C’mon: It’s not like human survival depends on us each having five pairs of jeans in our closet.
When I was 12, I went school shopping in the fall and bought one pair of Levi’s jeans, a gray Fair Isle sweater, and white Nike sneakers with a red swish. I wore a version of this outfit nearly every day to school until the sweater, jeans, and shoes became too small. I wasn’t aware of fashion, never mind high fashion or fast fashion. Function and comfort were the only goals.
How times have changed. My 12-year-old daughter is conscious of millions of styles and brands brilliantly marketed to her with slogans espousing strength, girl power, body positivity, and individuality. Of course the options for adults these days are equally endless. Catalogs arrive in piles and the “promotions” tab in our email inboxes are full of offers. I was a junior in high school when I called and ordered my first piece of catalog clothing: a green J. Crew roll neck sweater. Now ordering from a catalog or company by phone feels old-fashioned, even quaint. Internet clothing shopping has become the mainstay.
Acknowledge the true cost of fashion
The problem with all of these offerings and the accessibility is that it means, among many other things, we are buying more. A lot more. According to a recent McKinsey study, Americans purchased 60 percent more clothing in 2014 than in 2000, and kept the garment half as long. And, on average, Americans are throwing away 81 pounds of textiles a year. That is a lot of clothes. According to a study by Quantis, more than 8 percent of the total global greenhouse gas emissions are from the apparel and footwear industry. Worse: the Ellen MacArthur Foundation predicts that if the industry continues on its current path, it will use more than 25 percent of the total carbon budget. To give you a sense of this, ALL global transport — planes, trains, shipping, etc. — uses 23 percent.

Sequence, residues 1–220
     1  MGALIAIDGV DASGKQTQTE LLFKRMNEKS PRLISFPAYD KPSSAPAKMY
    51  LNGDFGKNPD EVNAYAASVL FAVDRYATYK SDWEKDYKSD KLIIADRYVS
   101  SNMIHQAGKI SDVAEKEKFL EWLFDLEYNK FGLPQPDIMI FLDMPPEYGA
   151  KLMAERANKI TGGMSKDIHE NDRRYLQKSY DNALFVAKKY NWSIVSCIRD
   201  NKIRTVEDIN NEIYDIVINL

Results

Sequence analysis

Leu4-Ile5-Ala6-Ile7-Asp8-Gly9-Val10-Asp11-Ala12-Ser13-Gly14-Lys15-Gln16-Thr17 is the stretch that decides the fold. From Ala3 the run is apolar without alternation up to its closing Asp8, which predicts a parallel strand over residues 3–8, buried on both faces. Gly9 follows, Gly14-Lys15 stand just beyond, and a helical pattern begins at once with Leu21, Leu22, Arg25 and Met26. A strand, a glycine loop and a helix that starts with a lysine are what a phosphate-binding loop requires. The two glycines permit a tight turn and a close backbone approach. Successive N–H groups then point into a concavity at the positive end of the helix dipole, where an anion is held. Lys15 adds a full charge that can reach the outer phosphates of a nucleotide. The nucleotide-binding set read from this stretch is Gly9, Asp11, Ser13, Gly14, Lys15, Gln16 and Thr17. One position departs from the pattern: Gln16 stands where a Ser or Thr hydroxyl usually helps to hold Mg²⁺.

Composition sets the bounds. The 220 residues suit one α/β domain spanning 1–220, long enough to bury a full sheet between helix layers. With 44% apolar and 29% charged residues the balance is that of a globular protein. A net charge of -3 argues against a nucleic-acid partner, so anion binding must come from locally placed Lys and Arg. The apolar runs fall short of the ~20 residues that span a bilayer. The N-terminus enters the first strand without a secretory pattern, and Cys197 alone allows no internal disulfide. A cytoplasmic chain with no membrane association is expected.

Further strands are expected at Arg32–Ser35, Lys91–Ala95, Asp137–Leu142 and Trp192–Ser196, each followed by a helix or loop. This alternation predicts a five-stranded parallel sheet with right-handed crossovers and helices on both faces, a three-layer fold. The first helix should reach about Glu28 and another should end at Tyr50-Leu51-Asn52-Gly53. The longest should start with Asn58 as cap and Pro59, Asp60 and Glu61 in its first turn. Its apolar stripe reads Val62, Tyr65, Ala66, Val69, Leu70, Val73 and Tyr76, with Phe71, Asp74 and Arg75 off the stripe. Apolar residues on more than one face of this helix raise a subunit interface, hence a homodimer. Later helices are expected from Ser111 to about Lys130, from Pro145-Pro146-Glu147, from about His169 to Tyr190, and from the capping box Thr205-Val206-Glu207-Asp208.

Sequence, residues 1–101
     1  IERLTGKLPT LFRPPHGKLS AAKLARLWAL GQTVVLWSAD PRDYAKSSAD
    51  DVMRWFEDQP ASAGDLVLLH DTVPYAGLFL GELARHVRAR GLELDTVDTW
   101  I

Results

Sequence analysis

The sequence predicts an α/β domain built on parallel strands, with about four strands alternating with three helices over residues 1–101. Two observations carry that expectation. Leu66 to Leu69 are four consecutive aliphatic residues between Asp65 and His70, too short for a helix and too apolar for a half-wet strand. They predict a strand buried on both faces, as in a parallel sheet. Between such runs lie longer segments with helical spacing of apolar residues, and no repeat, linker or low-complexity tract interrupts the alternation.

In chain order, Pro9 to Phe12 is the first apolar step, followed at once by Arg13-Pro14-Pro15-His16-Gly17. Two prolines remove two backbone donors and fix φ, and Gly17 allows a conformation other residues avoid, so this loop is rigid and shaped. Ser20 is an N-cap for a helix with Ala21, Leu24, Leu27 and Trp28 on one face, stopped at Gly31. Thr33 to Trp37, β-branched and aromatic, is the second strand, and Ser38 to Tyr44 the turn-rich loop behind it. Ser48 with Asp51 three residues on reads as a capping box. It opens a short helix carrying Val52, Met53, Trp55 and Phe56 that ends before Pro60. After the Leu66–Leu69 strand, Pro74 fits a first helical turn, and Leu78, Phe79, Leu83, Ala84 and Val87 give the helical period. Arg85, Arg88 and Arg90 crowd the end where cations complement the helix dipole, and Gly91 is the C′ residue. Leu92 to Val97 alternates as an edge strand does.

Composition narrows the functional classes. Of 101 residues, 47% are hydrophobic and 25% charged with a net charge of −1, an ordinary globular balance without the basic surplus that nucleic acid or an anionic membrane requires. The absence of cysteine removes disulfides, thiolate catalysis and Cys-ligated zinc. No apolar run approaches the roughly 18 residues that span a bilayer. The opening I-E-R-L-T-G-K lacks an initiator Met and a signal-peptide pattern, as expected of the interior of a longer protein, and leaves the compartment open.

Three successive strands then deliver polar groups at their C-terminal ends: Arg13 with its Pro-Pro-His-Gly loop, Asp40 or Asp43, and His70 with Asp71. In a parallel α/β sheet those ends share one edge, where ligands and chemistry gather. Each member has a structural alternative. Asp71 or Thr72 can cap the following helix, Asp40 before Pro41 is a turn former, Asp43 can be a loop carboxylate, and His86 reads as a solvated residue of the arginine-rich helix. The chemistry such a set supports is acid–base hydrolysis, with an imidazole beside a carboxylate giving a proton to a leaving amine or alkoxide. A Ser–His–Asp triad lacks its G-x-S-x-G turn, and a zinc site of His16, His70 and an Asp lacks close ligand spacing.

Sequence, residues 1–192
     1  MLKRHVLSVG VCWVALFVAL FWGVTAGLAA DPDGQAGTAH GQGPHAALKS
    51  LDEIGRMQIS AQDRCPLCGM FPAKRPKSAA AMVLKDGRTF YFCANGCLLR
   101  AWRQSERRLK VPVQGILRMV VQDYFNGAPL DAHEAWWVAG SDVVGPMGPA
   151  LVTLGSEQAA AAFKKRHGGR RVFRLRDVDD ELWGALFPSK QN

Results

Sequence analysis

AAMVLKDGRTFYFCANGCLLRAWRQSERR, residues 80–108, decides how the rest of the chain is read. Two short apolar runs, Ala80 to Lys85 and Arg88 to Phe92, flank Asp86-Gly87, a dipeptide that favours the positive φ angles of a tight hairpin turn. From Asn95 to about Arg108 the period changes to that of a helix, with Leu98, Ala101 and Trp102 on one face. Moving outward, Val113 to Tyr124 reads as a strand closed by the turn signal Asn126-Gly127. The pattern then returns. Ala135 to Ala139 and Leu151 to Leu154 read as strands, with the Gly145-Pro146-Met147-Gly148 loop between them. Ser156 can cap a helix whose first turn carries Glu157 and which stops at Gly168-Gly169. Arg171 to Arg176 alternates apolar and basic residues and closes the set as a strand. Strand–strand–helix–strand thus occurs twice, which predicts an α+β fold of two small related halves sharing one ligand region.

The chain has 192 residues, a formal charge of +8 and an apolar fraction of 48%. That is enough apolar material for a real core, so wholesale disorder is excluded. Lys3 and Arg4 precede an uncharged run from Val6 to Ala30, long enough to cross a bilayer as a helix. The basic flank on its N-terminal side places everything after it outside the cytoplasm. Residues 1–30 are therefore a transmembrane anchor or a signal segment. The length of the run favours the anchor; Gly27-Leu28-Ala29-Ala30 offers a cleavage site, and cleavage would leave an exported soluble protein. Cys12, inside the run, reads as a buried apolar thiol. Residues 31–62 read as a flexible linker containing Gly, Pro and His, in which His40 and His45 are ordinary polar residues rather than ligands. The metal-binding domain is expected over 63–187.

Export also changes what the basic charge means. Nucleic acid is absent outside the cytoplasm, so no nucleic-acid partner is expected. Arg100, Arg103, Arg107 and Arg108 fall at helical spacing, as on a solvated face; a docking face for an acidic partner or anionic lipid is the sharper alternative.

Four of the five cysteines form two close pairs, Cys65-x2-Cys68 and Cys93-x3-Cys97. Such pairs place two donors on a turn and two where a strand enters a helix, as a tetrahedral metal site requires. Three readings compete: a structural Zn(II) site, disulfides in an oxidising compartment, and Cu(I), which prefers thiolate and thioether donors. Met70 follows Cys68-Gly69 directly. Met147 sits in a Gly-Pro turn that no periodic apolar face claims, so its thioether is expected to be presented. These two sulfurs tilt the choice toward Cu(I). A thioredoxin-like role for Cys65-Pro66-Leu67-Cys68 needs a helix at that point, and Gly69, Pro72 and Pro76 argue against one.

“What is the carbon budget?” you ask. The carbon budget is the single number that encapsulates the finite limits of our planet’s physical system and ability to negotiate and cope with carbon emissions. If we release more carbon than this in a year, our planet’s temperature will continue to rise. So our clothing consumption seems like an obvious place where we can make cuts. Because, let’s be honest: it’s not like human survival depends on us each having five pairs of jeans in our closet.
But I’d like to pause here and say two things:
- I am aware of the fact that our global clothing problem cannot and, in many ways, should not be solved by consumers alone. Ultimately, it needs to be addressed at the highest levels: via manufacturing and agricultural laws; by designers; and by the entire fashion business that has fueled this problem in every sense of the word.
- I appreciate clothing, beautiful design, and know the great pleasure and romance of wearing a wonderful summer frock or a fabulously cozy winter sweater. So I am not saying stop, but maybe just slow down, buy less and make informed purchases.
But let’s get back to what the big clothing companies are doing and not doing. Are they taking any responsibility for the problem they’ve helped create? I am pleased to report, some companies are taking action. Others, not so much or not at all.
Know which companies are translating words into action
The Business of Fashion, a highly regarded industry resource that offers a self-described, “analytical point of view on the $2.5 trillion global fashion industry,” recently published its first Sustainability Study of the industry, “Measuring the progress of the five largest public companies by annual revenue in 2019 in three distinct fashion industry verticals — luxury, high street and sportswear.” These companies included name brands such as Nike, Under Armour, Gap Inc., H&M, LVMH, and Hermès. The summary reports that “the fashion industry’s rhetoric on sustainability is often far ahead of companies’ actions.” In other words, many of the brands have adopted the vernacular, but that’s about it. And “Even among the industry’s largest and most highly resourced companies, public disclosures indicate there are substantial disparities in progress, with a handful playing catch-up or just beginning to engage with the six key issues at hand: transparency, emissions, water and chemicals, materials, worker’s rights, and waste.”